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(New York) - The announcement by the United Arab Emirates that the Abu Dhabi Judicial Department will conduct an expeditious and "comprehensive review" of   the videotaped torture of an Afghan grain dealer, apparently by a royal family member and the police, is a positive first step in restoring public confidence in the country's criminal justice system, Human Rights Watch said today.

It is essential, however, that the Judicial Department establish an independent body with authority not only to investigate the torture episode, but  also to recommend disciplinary steps or criminal prosecution of all persons implicated in the abuse, as urged by Human Rights Watch in its letter sent to the UAE president on April 28, 2009. It should also set up a training program for police on the acceptable use of force.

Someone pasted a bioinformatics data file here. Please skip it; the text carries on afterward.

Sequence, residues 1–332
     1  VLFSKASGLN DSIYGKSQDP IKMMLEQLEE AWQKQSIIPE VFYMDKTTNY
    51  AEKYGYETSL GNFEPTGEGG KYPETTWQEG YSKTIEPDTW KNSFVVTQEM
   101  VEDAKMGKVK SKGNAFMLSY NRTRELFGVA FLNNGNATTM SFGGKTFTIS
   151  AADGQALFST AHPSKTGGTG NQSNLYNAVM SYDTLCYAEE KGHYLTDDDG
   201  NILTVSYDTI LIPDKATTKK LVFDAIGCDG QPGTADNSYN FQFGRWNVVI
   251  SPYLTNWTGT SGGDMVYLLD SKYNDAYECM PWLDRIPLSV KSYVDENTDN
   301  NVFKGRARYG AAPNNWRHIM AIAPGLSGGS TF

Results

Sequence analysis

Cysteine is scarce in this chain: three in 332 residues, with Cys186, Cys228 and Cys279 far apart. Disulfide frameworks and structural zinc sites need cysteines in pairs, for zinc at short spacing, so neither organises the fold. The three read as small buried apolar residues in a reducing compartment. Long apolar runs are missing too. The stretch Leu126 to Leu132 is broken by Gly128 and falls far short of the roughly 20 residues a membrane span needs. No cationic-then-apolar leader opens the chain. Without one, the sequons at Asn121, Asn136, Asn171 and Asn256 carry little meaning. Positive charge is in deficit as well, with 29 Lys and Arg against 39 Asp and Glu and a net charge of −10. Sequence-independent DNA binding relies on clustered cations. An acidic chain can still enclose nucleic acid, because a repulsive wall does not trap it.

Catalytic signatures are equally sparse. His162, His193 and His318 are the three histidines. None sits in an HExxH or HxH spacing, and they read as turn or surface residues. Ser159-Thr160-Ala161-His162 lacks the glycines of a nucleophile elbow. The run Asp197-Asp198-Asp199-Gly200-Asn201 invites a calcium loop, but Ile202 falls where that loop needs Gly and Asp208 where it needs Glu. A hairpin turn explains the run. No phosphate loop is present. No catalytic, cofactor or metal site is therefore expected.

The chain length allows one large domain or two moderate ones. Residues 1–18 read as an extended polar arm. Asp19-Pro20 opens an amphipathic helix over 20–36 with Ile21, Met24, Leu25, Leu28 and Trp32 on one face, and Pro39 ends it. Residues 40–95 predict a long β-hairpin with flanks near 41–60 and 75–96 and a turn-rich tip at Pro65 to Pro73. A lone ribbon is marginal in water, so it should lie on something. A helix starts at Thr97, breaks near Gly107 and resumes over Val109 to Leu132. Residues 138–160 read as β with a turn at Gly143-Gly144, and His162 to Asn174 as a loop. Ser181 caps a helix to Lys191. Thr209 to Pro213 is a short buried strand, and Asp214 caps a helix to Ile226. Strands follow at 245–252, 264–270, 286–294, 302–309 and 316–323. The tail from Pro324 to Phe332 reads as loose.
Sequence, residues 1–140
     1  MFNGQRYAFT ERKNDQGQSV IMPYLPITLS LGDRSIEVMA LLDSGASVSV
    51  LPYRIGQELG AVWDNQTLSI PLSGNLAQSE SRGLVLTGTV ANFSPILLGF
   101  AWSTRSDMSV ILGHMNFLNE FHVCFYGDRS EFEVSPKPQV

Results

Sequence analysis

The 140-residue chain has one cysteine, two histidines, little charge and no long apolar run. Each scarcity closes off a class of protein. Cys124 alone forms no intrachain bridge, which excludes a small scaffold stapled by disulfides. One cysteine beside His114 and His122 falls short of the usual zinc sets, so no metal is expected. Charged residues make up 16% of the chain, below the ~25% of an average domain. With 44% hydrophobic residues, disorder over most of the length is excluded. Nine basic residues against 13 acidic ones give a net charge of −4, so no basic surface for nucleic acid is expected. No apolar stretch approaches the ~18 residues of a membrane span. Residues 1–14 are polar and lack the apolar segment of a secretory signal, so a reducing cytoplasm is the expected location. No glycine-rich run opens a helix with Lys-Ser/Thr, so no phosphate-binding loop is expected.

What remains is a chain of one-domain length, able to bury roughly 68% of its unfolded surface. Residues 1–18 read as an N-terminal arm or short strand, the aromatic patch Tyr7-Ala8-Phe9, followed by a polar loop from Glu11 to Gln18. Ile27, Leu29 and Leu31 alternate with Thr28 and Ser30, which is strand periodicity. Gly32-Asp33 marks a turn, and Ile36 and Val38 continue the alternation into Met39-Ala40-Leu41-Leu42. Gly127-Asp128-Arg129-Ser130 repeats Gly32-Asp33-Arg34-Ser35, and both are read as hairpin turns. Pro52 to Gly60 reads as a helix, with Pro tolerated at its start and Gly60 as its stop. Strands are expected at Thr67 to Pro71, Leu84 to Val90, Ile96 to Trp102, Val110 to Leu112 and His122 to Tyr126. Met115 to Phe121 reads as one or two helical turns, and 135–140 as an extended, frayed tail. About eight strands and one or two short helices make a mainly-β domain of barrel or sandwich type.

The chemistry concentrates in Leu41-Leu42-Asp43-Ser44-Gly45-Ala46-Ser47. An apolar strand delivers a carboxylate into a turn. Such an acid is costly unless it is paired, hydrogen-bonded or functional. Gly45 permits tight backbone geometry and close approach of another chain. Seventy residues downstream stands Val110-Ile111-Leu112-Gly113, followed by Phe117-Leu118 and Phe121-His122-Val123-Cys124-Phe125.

"It is good that the UAE government is responding quickly," said Sarah Leah Whitson, Middle East director at Human Rights Watch.  "But the real test of this investigation will be whether it leads to punishment of the people involved in this brutal attack and changes to prevent something like this from happening again." 

The UAE should also ratify the Convention against Torture and publicly and unequivocally renounce the use of torture and physical abuse by the police, others in positions of authority, or private citizens, Human Rights Watch said.

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